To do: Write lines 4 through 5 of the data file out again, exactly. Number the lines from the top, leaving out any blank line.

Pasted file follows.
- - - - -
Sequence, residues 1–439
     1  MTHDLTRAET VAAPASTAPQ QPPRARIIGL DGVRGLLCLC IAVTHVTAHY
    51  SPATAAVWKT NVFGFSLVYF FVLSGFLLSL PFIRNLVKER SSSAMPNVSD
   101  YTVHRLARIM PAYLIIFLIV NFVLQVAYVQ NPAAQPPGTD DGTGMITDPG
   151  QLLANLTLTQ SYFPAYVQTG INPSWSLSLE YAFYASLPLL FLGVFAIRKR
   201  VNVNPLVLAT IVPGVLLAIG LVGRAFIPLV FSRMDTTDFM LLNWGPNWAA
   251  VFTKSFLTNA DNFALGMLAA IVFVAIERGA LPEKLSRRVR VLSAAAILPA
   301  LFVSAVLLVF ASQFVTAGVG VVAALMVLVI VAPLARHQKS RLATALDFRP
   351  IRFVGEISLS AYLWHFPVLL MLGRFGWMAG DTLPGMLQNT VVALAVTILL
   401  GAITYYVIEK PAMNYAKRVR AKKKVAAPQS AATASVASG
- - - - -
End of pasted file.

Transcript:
   101  YTVHRLARIM PAYLIIFLIV NFVLQVAYVQ NPAAQPPGTD DGTGMITDPG
   151  QLLANLTLTQ SYFPAYVQTG INPSWSLSLE YAFYASLPLL FLGVFAIRKR